The Flight from Nadi Airport, Viti Levu to Savusavu Airport on Vanua Levu, Fiji Islands
Tuesday August 21, 2001
7:10 AM – While we were waiting for our local flight from Fiji’s Viti Levu Island to the more remote Vanua Levu Island, Cagey noticed that we were missing a baggage claim check for one of our bags. We were lucky she did, since it was not going to get on the plane.
7:30 AM – We changed more money to the local Fiji dollar. At the time, the exchange rate was approximately at one Fiji dollar equaled 45 cents U.S., which meant our dollar went a long way down there. On a last minute whim, we raced over to Air Pacific and extended our return two extra days, to make up for the time we had lost at LAX.
8:30 AM – We boarded our Sunair, local flight to Savusavu, a town on Vanua Levu. While we were waiting, we had spoken to an Air Pacific employee from New Zealand. He indicated that as each Sunair plane came up for major overhaul, if the repair price was too high, the company simply mothballed it. As we set out across the “Bligh Water” to the other island, that knowledge gave us a tremendous feeling of confidence.
8:45 AM – We took to the air and got a great view of the coast and the various small islands, each with its own resort. In fact, one or two of them were nothing but a resort and a beach. Looking down, the extent of the deforestation through burning of grasslands and logging of hardwoods on a commercial scale was disappointing to see. Agriculture, mostly sugar cane, covered almost all practicable areas and the burning of the bush is deeply rooted in the Fijian tradition, practiced throughout the islands in seemingly random ways.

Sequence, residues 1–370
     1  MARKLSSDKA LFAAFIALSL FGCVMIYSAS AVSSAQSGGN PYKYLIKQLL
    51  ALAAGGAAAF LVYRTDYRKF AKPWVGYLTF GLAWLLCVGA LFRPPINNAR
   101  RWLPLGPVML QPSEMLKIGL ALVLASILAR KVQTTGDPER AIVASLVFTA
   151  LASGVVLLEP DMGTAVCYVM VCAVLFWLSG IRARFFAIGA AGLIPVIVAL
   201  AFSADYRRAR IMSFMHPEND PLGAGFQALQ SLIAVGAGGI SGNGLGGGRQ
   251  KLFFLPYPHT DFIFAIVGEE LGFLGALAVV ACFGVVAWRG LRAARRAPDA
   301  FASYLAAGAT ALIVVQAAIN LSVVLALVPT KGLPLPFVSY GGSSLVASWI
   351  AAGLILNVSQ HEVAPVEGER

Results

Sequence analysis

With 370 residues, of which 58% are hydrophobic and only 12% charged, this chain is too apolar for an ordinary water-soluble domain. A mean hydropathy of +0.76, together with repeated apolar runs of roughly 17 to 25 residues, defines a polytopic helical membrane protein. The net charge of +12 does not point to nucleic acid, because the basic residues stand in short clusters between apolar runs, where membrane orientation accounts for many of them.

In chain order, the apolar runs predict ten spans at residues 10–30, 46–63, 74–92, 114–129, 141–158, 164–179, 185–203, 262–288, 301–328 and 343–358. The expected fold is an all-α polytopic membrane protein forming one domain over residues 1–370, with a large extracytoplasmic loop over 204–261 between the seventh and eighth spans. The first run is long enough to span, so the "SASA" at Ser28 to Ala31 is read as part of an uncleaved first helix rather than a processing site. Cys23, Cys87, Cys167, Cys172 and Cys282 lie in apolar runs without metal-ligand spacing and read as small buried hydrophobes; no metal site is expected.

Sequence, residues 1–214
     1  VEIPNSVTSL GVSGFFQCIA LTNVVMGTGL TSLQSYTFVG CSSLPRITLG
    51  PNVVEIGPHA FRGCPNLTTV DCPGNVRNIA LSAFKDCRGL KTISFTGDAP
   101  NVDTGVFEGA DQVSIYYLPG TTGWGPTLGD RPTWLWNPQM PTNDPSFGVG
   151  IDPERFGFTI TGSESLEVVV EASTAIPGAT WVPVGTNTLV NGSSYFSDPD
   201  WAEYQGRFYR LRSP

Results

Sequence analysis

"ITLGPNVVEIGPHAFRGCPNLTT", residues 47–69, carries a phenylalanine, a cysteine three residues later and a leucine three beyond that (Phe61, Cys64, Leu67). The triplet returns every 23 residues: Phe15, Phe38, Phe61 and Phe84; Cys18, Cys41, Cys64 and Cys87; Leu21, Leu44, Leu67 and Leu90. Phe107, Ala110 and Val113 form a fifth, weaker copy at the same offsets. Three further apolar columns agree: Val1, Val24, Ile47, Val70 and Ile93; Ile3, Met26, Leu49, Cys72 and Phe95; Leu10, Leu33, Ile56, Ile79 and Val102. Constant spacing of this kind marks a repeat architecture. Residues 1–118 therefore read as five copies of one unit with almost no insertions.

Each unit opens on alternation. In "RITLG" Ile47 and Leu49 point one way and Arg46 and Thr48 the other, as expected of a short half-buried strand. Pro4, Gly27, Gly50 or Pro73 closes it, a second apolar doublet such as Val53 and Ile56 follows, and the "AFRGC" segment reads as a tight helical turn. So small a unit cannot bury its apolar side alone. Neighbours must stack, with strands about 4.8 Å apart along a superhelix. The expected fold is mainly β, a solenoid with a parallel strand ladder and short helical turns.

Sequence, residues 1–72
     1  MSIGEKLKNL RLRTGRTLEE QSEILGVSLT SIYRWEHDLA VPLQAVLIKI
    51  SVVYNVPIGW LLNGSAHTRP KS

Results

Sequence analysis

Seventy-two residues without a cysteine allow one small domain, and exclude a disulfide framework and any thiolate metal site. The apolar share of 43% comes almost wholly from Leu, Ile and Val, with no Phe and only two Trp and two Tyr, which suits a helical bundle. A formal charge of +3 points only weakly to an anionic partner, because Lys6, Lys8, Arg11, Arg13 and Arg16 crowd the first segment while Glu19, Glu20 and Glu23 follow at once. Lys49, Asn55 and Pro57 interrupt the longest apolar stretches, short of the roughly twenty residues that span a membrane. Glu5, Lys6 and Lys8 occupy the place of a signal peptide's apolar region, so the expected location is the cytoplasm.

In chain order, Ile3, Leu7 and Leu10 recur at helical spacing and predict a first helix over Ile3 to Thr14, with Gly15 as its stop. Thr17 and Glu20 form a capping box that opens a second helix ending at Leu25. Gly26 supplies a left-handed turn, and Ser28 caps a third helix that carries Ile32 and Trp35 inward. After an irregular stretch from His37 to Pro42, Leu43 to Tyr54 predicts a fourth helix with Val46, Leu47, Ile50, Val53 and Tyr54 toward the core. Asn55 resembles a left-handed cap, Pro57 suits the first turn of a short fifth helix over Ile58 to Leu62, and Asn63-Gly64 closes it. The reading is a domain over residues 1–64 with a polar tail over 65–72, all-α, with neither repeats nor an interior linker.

9:15 AM – As we climbed, both of our Indian pilots held the overhead throttles full open in what looked like some kind of Los Angeles Gang handshake. It made me wonder if it was some form of bonding or if they had experienced the throttles snapping back to their “idle” position at some time in their careers. After that, the pilot in the left seat never seemed to do anything more than to chat with his right-side compatriot. I always thought the guy on the left side was supposed to do the flying. I guess if they can drive on the “wrong” side of the roads (in the British tradition), they can fly from the “wrong” side of the plane.
9:20 AM - As we skirted the coast of the main island, we climbed steadily and soon were at 4000 – 6000 feet. From there, we headed offshore towards the unseen Vanua Levu, up ahead. We crossed the Bligh Water, where in 1789 cannibals chased Captain William Bligh, of Mutiny on the Bounty fame. He and the remnants of his loyal crew and almost lost their lives in that chase.
The Fijians were the original human settlers of these Pacific Islands. At their peak, prior to the European conquest of the islands, the Fijians had developed incredible seventy-foot long "warships”, with up to 250 warriors aboard a craft that could travel at speeds up to twelve knots. Perhaps this that type of craft chased and almost caught the Englishmen during the first European encounter with the “friendly” natives of Fiji. The legend of Fiji as the “Cannibal Islands” persisted for centuries and somehow got mixed up in our American culture with natives boiling Europeans in big pots (probably thanks to a recurrent theme in New Yorker Magazine cartoons).